“The reasonable man adapts himself to the world; the unreasonable one persists in trying to adapt the world to himself. Therefore, all progress depends on the unreasonable man.”

George Bernard Shaw

 

The previous blog post introduced the DARE mindset in its entirety. In this post, I focus on the first element: Defiance. Join me on a journey into ‘corporate disobedience’.


Innovation starts with having the courage to do something. To defy and challenge. To provoke and be bold in breaking down the governing myths and beliefs in organizations and industries. It’s the rebellious mindset that challenges the status quo. The one that realizes that transformation can only occur when we don’t think outside of the box but discard the box altogether.

Defiance is an art. People who are really good at defiance resist – or sometimes even loath – conventions. They are keen on independent thinking. Their minds are never made up. You know who they are. They often disagree with the mainstream attitudes. They oppose precedent or popular opinion. They show little respect for rules. You might not even like them, especially the more persistent and extremist types. Yet they serve a purpose in any organization. Innovators with a high degree of defiance are often the contrarians. The heretics and revolutionaries. They don’t take no for an answer.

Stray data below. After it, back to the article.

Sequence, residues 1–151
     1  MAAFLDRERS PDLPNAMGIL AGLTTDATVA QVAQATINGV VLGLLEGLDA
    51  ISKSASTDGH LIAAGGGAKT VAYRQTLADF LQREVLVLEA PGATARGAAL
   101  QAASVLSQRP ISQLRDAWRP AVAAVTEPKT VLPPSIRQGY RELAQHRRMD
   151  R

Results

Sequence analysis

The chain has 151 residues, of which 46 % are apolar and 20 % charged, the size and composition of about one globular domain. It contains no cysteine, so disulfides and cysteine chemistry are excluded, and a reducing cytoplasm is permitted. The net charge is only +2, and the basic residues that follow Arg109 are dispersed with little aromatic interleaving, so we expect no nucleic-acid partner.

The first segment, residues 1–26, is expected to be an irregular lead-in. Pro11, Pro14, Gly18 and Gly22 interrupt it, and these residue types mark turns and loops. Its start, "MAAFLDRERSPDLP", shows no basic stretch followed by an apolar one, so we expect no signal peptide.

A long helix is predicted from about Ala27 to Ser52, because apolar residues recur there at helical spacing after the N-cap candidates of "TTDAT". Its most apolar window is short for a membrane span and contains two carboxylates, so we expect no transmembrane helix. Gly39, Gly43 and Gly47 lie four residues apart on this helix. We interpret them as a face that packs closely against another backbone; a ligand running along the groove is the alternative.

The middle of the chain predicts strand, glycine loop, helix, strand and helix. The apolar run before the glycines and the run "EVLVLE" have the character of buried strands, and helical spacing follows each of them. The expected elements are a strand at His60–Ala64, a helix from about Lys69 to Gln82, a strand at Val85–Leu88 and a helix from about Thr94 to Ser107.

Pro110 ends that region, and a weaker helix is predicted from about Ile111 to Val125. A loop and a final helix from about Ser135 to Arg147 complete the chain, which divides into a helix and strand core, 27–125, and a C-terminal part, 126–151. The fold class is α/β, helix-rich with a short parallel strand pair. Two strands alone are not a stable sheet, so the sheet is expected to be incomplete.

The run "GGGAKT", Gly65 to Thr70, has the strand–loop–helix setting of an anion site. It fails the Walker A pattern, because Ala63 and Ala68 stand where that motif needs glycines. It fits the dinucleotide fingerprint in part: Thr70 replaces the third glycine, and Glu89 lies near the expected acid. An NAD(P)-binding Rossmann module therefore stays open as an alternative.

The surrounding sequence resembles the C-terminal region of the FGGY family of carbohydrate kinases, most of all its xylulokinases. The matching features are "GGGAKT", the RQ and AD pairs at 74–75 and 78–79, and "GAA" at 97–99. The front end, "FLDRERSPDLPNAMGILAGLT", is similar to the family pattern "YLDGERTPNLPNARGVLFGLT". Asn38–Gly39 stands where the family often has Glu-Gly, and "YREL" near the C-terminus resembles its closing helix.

Although being an example much labored on, I like to refer to Steve Jobs as somebody who understood the importance of defiance. Apple’s iconic ‘Think Different’ marketing campaign in the late 90s is a clear reflection of his philosophy and his non-conformist ideals. It was clearly rebellious. It was an outright rebuttal to IBM’s slogan ‘Think’. The fact that Jobs even lent his own voice to the commercial demonstrates his commitment to thinking differently. In the end, Jobs decided to air the commercial narrated by Richard Dreyfuss as he decided the campaign wasn’t about him but about Apple. If you look at the copy of the campaign it reads: “Here’s to the crazy ones. The misfits. The rebels. The troublemakers. The round pegs in the square holes. The ones who see things differently.”

apple think different

When working with clients on innovative growth strategies, I try to uncover the governing myths and beliefs of individuals, teams and organizations. These myths and beliefs are often the foundational tales of the organization. They are almost religion in cases. Defying those myths and beliefs is like blasphemy. Understanding the governing myths and beliefs of the organization provides great insight into what is keeping an organization on course. But they also provide great insight into what is keeping organizations from changing. Strictly held myths and beliefs become dogmas. They are founded on unchallenged, deep rooted industry practices and the proudest of institutional legacies. It is my rule of thumb that when we get to the root of those myths and beliefs, we are close to unleashing great innovative powers which in turn represent huge growth opportunities.